Quantcast
Environmental News for a Healthier Planet and Life

Help Support EcoWatch

Citing Fracking and Climate, Shareholders Question Fossil Fuel Investments

Climate

Climate News Network

By Kieran Cooke

Photo courtesy of Shutterstock

Shareholders in the U.S. are showing growing concern about their investments in companies exposed to climate change-related risks, according to new data released by Ceres.

The annual round of corporate shareholder meetings—referred to in the U.S. as the proxy season—has recently ended. Ceres says that at those meetings a total of 110 shareholder climate change and environmental sustainability-related resolutions were filed with 94 U.S.-based companies. Issues included concerns about fracking, flaring and both the environmental and financial risks of further exploitation of fossil fuel reserves.

Some of the U.S.’s largest public pension funds were among those filing resolutions, including the California State Teachers’ Retirement System and the New York State and New York City Comptrollers’ Offices. Ceres estimates that along with other large institutional investors these groups manage funds worth in excess of $500 billion in assets.

“The strength of this year’s proxy season shows unwavering investor concern about how companies, especially energy companies, are managing the profound climate-related risks of fossil fuel production, including traditional and unconventional oil and gas extraction,” says Mindy Lubber, president of Ceres.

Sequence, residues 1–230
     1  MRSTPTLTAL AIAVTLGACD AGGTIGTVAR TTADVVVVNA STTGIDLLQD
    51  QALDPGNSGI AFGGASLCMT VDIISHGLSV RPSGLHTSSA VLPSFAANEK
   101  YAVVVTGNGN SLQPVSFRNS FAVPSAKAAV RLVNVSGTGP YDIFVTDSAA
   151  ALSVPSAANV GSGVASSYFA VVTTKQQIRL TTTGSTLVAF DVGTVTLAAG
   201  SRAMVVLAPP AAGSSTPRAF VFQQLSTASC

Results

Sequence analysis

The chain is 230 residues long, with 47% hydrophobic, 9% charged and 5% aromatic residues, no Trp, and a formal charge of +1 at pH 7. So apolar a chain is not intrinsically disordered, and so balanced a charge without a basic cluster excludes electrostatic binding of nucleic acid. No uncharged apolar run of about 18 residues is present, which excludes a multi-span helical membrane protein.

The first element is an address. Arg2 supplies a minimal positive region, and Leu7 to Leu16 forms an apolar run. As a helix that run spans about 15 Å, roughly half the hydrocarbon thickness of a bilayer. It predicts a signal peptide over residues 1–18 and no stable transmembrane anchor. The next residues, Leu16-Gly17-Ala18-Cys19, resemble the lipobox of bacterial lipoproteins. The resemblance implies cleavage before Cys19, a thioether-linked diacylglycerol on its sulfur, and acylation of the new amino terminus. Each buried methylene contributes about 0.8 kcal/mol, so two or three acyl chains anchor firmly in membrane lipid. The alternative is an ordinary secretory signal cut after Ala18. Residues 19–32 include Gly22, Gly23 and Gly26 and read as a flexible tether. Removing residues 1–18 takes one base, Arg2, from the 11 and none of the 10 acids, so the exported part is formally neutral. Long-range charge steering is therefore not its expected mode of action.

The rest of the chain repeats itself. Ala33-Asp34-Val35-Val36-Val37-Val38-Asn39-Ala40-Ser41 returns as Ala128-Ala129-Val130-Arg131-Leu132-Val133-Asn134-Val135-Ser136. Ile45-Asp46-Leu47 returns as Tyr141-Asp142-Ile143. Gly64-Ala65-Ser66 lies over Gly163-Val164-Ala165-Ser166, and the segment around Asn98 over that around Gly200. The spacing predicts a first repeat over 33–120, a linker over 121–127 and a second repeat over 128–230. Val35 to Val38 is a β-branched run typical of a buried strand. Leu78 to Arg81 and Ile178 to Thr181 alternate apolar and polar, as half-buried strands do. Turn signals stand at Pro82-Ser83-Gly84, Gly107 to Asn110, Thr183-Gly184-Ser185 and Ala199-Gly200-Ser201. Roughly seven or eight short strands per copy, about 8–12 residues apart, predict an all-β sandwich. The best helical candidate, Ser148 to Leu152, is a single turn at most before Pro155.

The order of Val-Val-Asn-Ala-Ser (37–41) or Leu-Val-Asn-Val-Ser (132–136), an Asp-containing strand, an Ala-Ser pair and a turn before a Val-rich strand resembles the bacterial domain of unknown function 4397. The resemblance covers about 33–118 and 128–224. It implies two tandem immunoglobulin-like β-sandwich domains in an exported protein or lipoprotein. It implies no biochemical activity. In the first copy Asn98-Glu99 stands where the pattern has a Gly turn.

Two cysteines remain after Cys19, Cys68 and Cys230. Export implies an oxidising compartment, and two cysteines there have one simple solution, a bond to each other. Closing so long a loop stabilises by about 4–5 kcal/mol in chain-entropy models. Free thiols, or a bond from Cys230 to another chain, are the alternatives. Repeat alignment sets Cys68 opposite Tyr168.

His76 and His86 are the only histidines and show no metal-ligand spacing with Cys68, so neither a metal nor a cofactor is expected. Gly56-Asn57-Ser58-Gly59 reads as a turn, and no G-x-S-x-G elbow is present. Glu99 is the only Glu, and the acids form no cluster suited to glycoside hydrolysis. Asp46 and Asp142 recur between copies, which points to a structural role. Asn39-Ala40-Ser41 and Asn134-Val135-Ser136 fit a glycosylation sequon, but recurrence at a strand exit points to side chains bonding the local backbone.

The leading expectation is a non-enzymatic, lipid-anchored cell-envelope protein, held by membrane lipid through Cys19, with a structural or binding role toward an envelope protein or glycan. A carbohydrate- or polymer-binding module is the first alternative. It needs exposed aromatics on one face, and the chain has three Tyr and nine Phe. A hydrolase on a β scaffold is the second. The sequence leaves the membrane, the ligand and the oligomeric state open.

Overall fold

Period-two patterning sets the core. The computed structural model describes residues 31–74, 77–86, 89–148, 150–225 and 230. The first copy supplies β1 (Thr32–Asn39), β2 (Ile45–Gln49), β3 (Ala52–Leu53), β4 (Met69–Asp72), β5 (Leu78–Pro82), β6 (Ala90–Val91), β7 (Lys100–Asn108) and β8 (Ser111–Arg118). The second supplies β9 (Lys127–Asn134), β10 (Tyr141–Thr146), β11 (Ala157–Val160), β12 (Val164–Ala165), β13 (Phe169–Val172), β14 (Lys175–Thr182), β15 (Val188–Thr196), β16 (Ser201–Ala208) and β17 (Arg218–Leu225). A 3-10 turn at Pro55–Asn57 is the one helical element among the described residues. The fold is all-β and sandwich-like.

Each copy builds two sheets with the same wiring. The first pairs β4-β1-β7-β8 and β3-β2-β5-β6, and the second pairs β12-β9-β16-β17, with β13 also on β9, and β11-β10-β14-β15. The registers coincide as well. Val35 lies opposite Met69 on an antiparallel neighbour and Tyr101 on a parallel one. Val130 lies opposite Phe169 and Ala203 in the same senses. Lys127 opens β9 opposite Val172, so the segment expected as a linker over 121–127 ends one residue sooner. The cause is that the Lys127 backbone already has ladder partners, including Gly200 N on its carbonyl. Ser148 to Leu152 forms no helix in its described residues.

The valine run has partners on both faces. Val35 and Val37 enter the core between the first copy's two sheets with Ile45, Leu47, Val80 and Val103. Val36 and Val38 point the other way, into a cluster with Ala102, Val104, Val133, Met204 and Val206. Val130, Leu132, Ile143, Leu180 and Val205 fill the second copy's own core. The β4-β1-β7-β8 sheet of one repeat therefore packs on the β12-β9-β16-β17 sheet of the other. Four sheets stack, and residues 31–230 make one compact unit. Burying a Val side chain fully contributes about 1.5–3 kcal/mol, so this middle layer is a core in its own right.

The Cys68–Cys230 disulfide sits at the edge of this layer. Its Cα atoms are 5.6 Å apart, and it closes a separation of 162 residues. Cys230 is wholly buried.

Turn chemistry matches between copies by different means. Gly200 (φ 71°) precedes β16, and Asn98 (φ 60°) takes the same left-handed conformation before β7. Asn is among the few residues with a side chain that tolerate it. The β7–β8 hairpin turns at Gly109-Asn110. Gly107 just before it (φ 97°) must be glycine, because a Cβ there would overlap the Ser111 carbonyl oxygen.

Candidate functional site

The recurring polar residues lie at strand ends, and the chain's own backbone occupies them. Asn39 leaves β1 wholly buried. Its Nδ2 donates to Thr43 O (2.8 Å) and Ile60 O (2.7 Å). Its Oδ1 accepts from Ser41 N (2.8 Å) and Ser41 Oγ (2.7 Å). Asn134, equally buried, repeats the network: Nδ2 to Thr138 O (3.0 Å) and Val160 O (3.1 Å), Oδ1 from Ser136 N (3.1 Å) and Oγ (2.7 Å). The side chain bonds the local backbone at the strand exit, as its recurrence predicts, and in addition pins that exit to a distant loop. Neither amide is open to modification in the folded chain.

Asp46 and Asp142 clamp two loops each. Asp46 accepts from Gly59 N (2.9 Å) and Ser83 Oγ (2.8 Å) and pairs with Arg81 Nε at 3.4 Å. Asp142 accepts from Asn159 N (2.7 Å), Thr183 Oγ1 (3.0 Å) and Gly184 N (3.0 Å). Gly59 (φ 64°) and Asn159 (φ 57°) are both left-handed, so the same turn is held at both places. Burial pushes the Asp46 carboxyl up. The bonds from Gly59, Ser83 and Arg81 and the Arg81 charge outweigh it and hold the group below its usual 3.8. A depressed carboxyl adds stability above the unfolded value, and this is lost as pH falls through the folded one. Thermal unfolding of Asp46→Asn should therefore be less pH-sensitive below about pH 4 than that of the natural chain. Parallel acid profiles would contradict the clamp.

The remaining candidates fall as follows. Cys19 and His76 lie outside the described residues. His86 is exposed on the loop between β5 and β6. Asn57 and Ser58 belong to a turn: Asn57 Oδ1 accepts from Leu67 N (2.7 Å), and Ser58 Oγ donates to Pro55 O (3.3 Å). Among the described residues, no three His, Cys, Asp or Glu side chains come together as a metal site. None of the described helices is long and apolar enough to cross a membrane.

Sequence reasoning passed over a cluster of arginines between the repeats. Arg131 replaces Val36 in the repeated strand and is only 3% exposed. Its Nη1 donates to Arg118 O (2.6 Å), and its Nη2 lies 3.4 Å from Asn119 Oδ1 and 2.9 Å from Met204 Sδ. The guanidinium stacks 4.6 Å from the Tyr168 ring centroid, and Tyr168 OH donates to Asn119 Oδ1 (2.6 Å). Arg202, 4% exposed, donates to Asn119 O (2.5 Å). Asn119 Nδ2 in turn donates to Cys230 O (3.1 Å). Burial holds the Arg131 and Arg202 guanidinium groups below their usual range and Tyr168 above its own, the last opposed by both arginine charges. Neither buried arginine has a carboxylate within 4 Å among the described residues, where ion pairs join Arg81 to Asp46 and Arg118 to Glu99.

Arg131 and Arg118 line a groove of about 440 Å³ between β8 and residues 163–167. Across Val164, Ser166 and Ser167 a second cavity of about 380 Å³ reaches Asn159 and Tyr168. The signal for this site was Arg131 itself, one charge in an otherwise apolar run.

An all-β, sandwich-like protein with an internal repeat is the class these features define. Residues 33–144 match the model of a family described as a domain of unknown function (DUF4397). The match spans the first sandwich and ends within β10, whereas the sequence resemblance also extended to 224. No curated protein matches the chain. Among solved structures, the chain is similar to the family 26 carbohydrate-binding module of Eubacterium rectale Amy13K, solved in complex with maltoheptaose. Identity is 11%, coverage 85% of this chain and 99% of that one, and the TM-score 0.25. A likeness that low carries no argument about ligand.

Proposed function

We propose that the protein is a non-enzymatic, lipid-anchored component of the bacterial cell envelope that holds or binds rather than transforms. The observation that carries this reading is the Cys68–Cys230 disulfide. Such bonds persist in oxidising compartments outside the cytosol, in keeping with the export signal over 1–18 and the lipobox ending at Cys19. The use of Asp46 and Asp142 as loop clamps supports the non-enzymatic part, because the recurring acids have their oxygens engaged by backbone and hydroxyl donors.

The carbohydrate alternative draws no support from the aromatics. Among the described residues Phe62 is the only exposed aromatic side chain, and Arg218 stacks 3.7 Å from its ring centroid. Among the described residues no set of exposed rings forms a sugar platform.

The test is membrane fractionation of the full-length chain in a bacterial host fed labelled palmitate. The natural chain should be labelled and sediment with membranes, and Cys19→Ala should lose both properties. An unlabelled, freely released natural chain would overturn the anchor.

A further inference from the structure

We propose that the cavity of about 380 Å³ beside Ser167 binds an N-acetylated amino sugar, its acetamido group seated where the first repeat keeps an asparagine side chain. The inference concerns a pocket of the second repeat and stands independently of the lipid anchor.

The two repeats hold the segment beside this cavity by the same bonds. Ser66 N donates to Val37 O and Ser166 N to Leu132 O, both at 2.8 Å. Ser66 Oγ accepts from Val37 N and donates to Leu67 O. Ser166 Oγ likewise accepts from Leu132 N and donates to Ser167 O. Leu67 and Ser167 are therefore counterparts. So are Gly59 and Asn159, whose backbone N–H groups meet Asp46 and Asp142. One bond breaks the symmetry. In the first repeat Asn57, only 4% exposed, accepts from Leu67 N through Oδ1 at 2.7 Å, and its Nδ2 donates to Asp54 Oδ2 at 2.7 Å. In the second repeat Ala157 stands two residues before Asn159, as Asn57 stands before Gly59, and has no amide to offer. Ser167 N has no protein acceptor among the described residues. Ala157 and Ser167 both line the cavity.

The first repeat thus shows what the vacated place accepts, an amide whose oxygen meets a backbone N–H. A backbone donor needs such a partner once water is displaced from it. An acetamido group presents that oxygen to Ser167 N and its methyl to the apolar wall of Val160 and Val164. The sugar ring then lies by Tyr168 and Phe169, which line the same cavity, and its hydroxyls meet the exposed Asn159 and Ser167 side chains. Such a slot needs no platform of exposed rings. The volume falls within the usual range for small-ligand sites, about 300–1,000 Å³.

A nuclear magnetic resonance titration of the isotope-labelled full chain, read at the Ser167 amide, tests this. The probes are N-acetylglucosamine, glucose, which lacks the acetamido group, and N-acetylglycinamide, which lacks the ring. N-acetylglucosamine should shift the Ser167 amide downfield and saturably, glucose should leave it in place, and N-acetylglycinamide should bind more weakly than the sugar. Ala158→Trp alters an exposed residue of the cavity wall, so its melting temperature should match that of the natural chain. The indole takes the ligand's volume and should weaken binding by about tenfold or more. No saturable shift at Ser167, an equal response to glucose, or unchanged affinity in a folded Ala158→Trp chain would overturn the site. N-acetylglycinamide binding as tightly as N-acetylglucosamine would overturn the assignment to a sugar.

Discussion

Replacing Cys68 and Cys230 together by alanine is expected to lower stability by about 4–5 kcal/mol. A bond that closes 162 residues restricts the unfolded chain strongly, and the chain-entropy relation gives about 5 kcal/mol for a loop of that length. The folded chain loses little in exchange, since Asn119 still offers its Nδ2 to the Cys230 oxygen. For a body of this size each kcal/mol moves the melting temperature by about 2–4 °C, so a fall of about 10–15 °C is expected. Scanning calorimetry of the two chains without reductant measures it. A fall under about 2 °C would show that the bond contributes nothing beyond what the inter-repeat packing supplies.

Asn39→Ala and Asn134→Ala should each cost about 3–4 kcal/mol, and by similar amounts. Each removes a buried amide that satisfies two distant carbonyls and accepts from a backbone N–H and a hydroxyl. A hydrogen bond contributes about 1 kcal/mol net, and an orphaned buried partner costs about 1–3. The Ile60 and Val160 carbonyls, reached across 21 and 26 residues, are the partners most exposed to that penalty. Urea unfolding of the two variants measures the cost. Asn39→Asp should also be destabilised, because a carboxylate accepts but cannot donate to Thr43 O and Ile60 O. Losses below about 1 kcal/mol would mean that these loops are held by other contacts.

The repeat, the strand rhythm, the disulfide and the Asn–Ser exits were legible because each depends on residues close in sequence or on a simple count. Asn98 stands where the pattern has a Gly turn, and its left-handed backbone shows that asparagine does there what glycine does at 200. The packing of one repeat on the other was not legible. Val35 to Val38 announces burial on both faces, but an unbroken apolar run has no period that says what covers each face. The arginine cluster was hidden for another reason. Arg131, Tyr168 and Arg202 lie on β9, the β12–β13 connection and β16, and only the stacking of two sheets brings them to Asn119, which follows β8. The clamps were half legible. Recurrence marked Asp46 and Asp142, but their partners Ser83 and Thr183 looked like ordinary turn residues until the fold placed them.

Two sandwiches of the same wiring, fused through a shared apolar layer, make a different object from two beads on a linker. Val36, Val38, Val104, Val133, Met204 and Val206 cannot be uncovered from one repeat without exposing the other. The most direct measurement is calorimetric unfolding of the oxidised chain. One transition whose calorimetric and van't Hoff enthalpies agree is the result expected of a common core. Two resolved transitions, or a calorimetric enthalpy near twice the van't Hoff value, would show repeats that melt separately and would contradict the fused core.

“Investors saw especially important progress in tackling flaring, hydraulic fracturing [fracking] and methane emission impacts, all key contributors to climate change,” Lubber continued.

A resolution questioning the activities of Continental Resources, a large oil producer, was withdrawn after the company agreed to reduce or eliminate flaring at its well sites. Similar resolutions filed with three companies involved in the booming hydraulic fracturing industry—EOG Resources, Ultra Petroleum and Cabot Oil & Gas—were also withdrawn after management agreed to increase disclosure of their activities, including steps being taken to reduce the environmental risks of fracking.

“Companies are responding to the growing calls for transparency and accountability,” says the head of a major investment fund. “Without qualitative reporting, shareholders cannot be assured that a company is taking real steps to minimize these risks and protect shareholder value.”

According to Ceres data, the number of investor resolutions relating to climate change and environmental sustainability has increased significantly in recent years—from around 30 a decade ago to more than 100 last year.

While some companies are responding to investor concerns on climate change and the environment, others are more hesitant.

Shareholder resolutions asking two of the U.S.’s biggest coal companies—CONSOL Energy and Alpha Natural Resources—to disclose how their extensive coal reserves might be affected by proposed new carbon regulations were defeated.